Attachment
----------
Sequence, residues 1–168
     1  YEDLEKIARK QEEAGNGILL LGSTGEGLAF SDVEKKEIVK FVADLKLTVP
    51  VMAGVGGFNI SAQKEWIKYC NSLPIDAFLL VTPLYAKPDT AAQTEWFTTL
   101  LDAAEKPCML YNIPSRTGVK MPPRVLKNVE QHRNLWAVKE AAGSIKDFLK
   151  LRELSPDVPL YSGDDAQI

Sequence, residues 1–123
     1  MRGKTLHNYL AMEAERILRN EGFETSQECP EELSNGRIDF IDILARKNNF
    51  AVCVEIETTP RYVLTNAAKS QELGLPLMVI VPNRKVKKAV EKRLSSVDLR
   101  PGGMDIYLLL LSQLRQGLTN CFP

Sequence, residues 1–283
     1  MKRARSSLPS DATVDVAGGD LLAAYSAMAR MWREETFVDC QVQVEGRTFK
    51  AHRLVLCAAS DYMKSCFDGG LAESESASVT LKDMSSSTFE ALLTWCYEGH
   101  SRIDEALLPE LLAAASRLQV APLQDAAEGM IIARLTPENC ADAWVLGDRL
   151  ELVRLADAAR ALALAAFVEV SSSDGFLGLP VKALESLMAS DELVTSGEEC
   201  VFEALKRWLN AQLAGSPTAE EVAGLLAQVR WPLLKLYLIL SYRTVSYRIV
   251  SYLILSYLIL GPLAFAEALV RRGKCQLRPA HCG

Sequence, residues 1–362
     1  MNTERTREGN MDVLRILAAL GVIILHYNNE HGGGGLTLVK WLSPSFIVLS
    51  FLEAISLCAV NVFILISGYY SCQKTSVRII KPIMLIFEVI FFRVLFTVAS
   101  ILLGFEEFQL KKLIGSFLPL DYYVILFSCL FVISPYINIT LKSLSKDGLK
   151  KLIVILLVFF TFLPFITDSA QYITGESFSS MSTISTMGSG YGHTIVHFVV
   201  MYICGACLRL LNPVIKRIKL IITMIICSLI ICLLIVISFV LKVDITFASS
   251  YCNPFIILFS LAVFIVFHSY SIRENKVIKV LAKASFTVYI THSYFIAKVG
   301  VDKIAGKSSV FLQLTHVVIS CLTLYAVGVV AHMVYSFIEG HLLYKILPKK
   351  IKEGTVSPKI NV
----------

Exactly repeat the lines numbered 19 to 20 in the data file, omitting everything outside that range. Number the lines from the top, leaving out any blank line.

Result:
    51  FLEAISLCAV NVFILISGYY SCQKTSVRII KPIMLIFEVI FFRVLFTVAS
   101  ILLGFEEFQL KKLIGSFLPL DYYVILFSCL FVISPYINIT LKSLSKDGLK